At the request of Queen Victoria, Alemayeju was buried in St. George’s Chapel in Windsor Castle, where the royal family belongs. His epitaph reads: “I am a stranger, and you took me in.” And In the eyes of Ethiopians, the prince was not “taken in” but “stolen”.
Over the years, the Ethiopian government has been asking the UK to return Alemayehu’s body and looted cultural relics. Fasil Minas, a descendant of the Abyssinian royal family, said in an interview with the BBC:
“We want his body returned – as our family, as Ethiopians, because that (Britain) is not the country he was born in and it doesn’t make sense for him to be buried there, it’s not right.”
However, the British royal family once again rejected Ethiopia’s request this week. Buckingham Palace’s statement on May 23, 2023 pointed out that if Alemayehu’s body is to be dug from the catacombs of St. George’s Church, it will inevitably affect the Therefore, he refused to go to the graves of other ancestors resting here. On the contrary, he expressed his welcome to the staff of the Ethiopian embassy in the UK to go to Windsor Castle to pay tribute to Alemayehu’s grave.
The Ethiopian Ministry of Foreign Affairs told the Washington Post on May 23 that Alemayehu was a “prisoner of war.” “We believe that Prince Alemayehu deserves to be buried in his homeland. Redouble our efforts to facilitate the return of human remains … and looted artefacts that are of great historical, cultural and religious significance to Ethiopians.”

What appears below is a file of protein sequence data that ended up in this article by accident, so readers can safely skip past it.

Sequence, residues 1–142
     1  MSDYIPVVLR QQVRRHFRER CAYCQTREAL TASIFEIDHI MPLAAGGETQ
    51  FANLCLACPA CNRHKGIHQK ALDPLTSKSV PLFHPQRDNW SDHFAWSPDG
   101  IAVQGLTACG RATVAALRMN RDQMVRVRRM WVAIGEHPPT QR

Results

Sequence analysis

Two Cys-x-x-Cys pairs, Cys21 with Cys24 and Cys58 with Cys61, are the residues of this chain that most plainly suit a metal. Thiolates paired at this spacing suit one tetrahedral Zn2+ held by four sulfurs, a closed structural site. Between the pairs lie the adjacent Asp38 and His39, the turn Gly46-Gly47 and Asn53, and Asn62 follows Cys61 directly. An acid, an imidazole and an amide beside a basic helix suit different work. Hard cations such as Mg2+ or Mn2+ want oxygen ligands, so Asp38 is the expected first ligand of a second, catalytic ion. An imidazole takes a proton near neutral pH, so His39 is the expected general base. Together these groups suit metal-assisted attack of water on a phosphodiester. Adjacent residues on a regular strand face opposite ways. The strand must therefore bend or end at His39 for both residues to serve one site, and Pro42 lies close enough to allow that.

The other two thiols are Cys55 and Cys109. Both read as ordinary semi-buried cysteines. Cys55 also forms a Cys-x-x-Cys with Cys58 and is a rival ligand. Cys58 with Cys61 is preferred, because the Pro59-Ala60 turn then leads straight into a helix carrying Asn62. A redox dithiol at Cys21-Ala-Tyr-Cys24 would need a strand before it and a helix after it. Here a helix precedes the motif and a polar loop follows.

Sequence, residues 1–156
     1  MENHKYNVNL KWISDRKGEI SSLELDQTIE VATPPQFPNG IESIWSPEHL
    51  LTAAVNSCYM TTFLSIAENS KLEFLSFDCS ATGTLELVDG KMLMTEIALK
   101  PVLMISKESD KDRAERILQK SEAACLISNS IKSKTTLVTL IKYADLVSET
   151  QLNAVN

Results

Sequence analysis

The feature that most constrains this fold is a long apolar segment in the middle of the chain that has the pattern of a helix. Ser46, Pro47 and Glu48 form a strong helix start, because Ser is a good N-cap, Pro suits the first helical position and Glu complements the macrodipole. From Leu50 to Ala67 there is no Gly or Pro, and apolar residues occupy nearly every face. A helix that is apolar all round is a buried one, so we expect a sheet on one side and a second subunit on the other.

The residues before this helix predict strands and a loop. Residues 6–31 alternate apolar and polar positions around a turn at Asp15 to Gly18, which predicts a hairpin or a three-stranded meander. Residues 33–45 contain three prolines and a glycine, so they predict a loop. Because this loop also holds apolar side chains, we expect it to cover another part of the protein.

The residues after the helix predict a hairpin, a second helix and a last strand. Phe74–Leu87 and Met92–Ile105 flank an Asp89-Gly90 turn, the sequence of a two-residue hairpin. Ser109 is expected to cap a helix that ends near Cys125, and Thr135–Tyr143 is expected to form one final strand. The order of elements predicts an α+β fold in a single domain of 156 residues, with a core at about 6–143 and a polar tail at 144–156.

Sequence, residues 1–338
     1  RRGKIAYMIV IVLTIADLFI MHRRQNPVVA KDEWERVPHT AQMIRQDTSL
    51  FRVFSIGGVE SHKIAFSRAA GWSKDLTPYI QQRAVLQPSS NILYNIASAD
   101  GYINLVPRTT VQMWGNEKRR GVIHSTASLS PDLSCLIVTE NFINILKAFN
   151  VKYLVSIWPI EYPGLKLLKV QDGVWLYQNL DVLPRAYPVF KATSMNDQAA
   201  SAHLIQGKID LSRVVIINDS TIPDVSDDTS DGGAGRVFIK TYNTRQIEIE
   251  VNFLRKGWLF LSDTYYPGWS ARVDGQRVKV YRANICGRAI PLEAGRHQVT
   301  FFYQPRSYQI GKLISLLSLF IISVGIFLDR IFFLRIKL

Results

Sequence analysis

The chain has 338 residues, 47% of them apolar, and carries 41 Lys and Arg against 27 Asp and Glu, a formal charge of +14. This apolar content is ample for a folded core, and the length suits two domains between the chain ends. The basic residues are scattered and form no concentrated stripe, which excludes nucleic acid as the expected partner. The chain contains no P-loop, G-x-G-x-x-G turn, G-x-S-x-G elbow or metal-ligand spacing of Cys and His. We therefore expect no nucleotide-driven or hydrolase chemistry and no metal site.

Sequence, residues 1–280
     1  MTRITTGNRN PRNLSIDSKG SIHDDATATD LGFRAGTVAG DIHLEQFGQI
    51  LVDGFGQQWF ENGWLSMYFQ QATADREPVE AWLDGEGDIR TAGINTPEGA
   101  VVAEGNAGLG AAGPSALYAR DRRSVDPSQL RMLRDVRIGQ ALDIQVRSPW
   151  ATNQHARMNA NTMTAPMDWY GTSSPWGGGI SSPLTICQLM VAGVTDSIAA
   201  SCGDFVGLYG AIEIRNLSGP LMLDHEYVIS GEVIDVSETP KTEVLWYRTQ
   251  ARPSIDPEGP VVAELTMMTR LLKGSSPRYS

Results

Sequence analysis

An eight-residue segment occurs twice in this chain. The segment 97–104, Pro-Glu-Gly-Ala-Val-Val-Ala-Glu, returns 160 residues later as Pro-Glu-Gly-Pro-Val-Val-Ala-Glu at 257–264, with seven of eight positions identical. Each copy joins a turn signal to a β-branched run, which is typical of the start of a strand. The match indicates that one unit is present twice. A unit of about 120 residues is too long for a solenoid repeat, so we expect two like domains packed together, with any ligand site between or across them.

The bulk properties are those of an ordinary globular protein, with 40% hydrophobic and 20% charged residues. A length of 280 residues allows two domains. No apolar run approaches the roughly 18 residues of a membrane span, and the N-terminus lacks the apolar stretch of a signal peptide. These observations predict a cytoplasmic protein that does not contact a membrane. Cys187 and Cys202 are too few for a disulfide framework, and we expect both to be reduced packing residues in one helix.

Jeremiah Garsha, assistant professor of global modern history at University College Dublin, commented that Alemayehu was undoubtedly “stolen” out of Ethiopia. He said: “Yes, he was kidnapped…a minor. A man who comes to another country as an orphan after his mother dies and then dies when he himself is 18 – that’s very wrong, he was snatched like all other antiques and treasures that are snatched. “
Gaza further pointed out that the British in the colonial era were very curious and even obsessed with Africa, thus creating a huge black market for the plundered “loot”, from daily necessities, weapons, religious items, and even African blacks, to trade in the black market “swag”. Gaza also believes that Queen Victoria’s care for Alemayehu also comes from this “surprise hunting” mentality. He said:
“You wouldn’t kidnap a white child, Queen Victoria wouldn’t pick a child from the suburbs of London – it was race that made the prince a ‘foreigner in the palace’.”
Members of the British royal family today sometimes talk about Britain’s colonial imperial history and condemn slavery – such as in April 2023, when King Charles III of the United Kingdom supported an academic project to study the link between the monarchy and transatlantic slavery , but the British royal family and members have still not apologized for the role the British monarch played in colonial history and slavery.
In recent years, the issue of “decolonization” has been prevalent in the European and American cultural circles. Museums in many countries—such as the Netherlands, Canada, France, etc.—began to return (Repatriation) cultural relics that were plundered and left their home countries, and collected a large number of cultural relics brought back during the colonial empire. Artifacts from the British Museum are also being explored. In recent years, in addition to returning some of the Ethiopian royal cultural relics looted from the Abyssinian expedition, the British Museum has also negotiated back and forth with the Greek government on how to use the Elgin Marbles from the Parthenon. Send it back to Athens-Greece hopes to return it permanently, while the United Kingdom advocates using the form of loan, and the two sides have not yet reached a consensus.
Tags: captive exiled years British royal family refuses return body Ethiopian prince hours udn Global-